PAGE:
Vice Society also pledges to try to respond to queries within 24 hours, which Sophos X-Ops researchers call “an example of professional PR best practice, which demonstrates how important this is to the threat actor.”
Similarly, data extortion gang RansomHouse states on its site: “We highly respect the work of journalists and consider information accessibility to be our priority. We have a special program for journalists which includes sharing information a few hours or even days before it is officially published on our news site and Telegram channel.”
Other threat actors threaten to leak details to the media should victims fail to pay. One user on a prominent criminal forum reported that negotiations with one organization had broken down and that they would hand over the “entire negotiation exchanges” to “verified press or researchers.”
“Ransomware gangs are very aware that they can exert additional pressure on victims by raising the specter of media interest,” write Sophos X-Ops researchers.
Press releases straight from the source
While it would seem that many hackers, even as they seek media attention, would prefer to remain personally anonymous, some are giving deep-dive interviews to journalists and researchers, including The Record.
Hacker Mikhail Matveev even provided a selfie of himself to the Recorded Future news site and brazenly commented: “There is no such money anywhere as there is in ransomware.”
Sophos X-Ops researchers report that “in most of these interviews, the threat actors seem to relish the opportunity to give insights into the ransomware ‘scene,’ discuss the illicit fortunes they’ve amassed and provide ‘thought leadership’ about the threat landscape and the security industry.”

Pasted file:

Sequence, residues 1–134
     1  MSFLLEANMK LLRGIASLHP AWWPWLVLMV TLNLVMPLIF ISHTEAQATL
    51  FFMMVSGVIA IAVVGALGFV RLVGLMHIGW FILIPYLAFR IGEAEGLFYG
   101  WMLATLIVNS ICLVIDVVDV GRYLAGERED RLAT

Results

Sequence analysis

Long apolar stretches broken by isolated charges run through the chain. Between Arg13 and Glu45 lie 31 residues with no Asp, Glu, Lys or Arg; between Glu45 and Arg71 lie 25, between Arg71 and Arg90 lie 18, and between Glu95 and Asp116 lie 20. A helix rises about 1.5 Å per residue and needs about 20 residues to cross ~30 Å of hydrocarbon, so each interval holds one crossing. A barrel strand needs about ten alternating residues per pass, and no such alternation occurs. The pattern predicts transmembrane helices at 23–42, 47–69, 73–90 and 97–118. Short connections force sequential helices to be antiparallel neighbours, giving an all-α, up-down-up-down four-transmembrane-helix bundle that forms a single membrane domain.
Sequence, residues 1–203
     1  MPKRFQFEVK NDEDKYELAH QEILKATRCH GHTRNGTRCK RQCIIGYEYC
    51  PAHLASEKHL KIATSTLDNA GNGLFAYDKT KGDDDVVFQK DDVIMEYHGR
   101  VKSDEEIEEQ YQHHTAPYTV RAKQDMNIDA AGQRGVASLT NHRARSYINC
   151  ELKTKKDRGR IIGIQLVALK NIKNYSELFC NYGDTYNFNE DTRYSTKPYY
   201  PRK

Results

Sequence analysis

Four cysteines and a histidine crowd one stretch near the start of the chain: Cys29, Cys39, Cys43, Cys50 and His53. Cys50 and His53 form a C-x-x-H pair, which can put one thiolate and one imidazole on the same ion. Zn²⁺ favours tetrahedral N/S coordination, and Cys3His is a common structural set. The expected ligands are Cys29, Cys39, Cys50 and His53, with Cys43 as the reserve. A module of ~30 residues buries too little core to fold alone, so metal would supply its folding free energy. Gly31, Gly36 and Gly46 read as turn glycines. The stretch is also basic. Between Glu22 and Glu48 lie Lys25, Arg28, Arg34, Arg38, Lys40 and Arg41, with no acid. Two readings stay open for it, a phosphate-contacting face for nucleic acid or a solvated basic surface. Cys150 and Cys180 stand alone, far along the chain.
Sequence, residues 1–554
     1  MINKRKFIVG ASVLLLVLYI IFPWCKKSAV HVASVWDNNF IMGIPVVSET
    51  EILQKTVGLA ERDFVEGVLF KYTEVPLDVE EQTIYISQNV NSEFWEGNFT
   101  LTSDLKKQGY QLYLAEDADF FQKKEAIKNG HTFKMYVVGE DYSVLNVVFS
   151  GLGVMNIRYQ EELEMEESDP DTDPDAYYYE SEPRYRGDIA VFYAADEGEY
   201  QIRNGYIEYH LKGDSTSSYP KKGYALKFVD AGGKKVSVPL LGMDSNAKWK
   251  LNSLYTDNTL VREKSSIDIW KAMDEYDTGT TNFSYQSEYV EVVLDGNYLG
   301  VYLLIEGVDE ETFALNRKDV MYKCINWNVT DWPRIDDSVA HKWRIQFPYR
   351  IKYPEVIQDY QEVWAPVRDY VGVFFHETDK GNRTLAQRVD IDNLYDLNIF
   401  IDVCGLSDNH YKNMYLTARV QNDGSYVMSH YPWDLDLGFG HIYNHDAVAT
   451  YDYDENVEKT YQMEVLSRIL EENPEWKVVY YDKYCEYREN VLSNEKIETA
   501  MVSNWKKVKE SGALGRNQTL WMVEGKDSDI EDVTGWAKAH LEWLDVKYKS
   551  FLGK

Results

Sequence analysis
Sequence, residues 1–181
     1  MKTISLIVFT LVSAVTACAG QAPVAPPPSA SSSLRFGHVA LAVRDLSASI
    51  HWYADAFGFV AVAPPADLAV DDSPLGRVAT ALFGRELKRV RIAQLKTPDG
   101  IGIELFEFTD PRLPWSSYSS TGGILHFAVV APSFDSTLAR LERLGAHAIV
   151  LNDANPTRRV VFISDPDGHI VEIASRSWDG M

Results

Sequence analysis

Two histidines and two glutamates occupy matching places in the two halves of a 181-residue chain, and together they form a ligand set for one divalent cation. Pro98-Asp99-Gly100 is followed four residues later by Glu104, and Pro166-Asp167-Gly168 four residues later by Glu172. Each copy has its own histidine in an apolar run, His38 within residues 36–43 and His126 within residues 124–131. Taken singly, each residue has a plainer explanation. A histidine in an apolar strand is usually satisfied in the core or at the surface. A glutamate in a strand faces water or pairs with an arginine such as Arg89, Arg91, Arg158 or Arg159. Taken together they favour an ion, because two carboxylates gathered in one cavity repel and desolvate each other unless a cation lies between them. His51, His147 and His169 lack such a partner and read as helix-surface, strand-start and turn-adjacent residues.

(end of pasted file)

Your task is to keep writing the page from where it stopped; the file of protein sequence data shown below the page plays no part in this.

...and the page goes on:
Similarly, some ransomware groups will offer “press releases.” Data extortion group Karakurt, for its part, maintains a separate page for such news announcements that detail specific attacks, call for recruits and contain direct quotes from “the Karakurt team.”
Others use releases to rebrand themselves or elevate their so-called ethics above other groups and even victim organizations taking protective measures.
In an announcement “for immediate release,” the group Royal Data Services pledges not to publish data from an educational institution and will instead delete it “in line with our stringent data privacy standards and as a demonstration of our unwavering commitment to ethical data management.”
Sophos X-Ops researchers underscore the language mimicking public statements, such as “bedrock principles upon which Royal Data Sciences operates” and “we respect the sanctity of educational and healthcare services.”
Then there’s the other side of the coin: Ransomware gangs use public platforms to shame outlets or even specific reporters.
One press release from the group Snatch admonishes the media for reporting incorrect facts: “We see the same mistake…that the media report year after year, without bothering to check the data and study the history of the project.”
ALPHV/BlackCat, similarly, published a 1,300-word post criticizing numerous news sites for “not checking sources and reporting incorrect information.”
CL0P — which was responsible for the MOVEit file transfer system breach, considered to be one of the most significant (and ongoing) in recent history — specifically called out the BBC for “creating propaganda” after the ransomware group provided information to the outlet.
Sophos X-Ops researchers call this an attempt to ‘set the record straight,’ by representing itself as the only authoritative source of information. The report also notes that mistrust is common in criminal forums, even as ransomware campaigns by their very nature require going public (at the very least to their victim).
But whether they consider the media to be friend, foe — or something in between — there’s no doubt that “ransomware actors are on their way to becoming public figures,” researchers assert. “Accordingly, they are devoting an increasing amount of time to ‘managing the media.’’
These extortionists are “conscious that cultivating media relationships is useful for achieving their own objectives and refining their public image.”
The report concludes: “It may be a way off, but it’s not unfeasible that in the future, ransomware groups may have dedicated, full-time PR teams: copywriters, spokespeople, even image consultants.”